Well, I generally consider myself a Weatherman (i.e. I can tell which way the wind is going to blow), but I was wrong about the vote in Greece that I talked about last week. The “No” vote sets the two sides in definite conflict and we will see if there is a path forward together this week. I hope in the long term that cooler heads will prevail, but I am not sure that they will.
Let me outline the problem in Greece from both sides. The other European Governments have loaned Greece a lot of money over $200B. The question that they have is whether it will ever be paid back. Debt is like that. Creditors take a risk in loaning you money. They can lose by not being paid back for the money they have loaned. On top of that, the European Governments don’t like the way that Greece operates. Their concern is that if Greece does not change that they will never get out of the cycle of requiring more money. They do not want to throw good money after bad. It is like loaning money to a lazy relative. If they come back every month for more money, then are they ever going to fix their life?
On the other side, Greece is in a desperate economic condition. Unemployment is over 25% and it is higher for young people. Going the way they are is not going to improve things. Their does not seem to be any relief by continuing down a path to pay down the debt. The austerity programs are not working to help rebuild the economy. So, from a citizen’s perspective why not vote “No” and at least make a clean break from the debt? The challenge here is that Greece will still need to change. They need a stronger work ethic and to reduce the amount of services that their government provides. If Greece is going to do those things, why not stay with a stronger currency to make the recovery better in the long term.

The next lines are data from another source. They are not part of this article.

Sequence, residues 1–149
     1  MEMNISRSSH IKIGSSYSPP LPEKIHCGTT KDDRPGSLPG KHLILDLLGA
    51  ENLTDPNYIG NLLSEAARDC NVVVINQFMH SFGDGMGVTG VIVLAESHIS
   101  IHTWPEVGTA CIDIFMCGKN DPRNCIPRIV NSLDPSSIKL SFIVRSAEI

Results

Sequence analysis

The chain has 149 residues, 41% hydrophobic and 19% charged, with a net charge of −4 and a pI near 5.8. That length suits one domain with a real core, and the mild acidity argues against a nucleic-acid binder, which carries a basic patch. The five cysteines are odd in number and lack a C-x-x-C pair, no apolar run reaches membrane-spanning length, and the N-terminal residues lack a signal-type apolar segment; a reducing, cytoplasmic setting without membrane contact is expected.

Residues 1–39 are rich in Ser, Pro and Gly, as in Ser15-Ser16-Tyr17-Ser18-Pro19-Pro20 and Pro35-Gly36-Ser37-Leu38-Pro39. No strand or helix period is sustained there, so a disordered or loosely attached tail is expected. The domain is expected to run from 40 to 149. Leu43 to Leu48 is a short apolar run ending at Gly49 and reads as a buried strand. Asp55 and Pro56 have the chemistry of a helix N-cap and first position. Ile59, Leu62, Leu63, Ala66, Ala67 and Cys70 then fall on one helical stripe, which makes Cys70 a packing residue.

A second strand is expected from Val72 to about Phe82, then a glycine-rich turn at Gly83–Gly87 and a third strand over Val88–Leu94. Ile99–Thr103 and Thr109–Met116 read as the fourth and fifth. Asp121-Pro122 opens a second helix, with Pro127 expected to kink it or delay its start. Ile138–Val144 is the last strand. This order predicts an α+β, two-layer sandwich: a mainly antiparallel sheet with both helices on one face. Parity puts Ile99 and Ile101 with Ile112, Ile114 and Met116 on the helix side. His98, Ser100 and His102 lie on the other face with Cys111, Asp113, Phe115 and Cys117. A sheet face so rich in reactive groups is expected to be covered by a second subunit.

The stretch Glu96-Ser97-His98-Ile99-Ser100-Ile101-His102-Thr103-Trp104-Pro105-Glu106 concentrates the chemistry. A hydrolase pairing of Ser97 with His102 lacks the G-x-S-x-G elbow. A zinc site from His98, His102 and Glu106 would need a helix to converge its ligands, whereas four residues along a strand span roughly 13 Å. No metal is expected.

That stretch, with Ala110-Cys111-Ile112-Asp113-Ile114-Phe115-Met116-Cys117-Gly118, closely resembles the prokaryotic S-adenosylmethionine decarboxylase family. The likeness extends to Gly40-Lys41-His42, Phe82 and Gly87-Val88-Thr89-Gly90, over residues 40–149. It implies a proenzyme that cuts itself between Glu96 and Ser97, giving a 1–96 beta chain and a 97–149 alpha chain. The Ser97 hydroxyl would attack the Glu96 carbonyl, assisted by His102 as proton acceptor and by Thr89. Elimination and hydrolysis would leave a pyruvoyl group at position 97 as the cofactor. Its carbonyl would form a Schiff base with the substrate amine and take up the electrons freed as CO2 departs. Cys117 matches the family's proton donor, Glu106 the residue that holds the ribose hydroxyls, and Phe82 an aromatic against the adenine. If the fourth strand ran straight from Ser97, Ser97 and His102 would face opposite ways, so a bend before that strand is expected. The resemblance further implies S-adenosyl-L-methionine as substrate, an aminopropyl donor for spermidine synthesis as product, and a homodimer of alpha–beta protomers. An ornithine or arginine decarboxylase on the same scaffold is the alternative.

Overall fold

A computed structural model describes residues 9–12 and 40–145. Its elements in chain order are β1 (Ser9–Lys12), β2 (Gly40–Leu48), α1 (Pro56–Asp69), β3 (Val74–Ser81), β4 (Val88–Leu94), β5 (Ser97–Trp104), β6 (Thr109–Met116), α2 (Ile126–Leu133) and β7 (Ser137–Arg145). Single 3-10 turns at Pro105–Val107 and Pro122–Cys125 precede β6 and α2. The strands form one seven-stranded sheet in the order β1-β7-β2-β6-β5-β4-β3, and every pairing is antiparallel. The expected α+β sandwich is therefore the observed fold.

As you can tell, there are no real answers that are simple and fit in a sound bite. I hope both sides are committed to working to find a long term answer that makes this work for everyone. Buy Greece some room to maneuver and get the economy on track so the debtors can be paid.
At the same time this week, there has been bad news out of the Chinese Stock Market. I don’t think this is a reflection of a fundamental change in the Chinese economy. It looks to be a reconciliation with the realities of the Chinese economy and the value displayed in the Chinese Stock Market. I don’t want to write a lot about this now, but this bears paying attention to in the future.
So, write about all this in a blog dedicated to Sonoma County? We are part of the larger world and macroeconomic conditions will drive our local economy to an extent. This is more true of China than of Greece in the short term. China has begun to make investments in the Northern California Wine Industry and that could mean more money in all of our pockets. China could be a huge market for our wines and we should watch closely what happens there. Greece is less impactful in the short term, as long as Europe remains steady in general. There has been more European interest in our wines over time and a strong Europe is another good market for the Wine Country.
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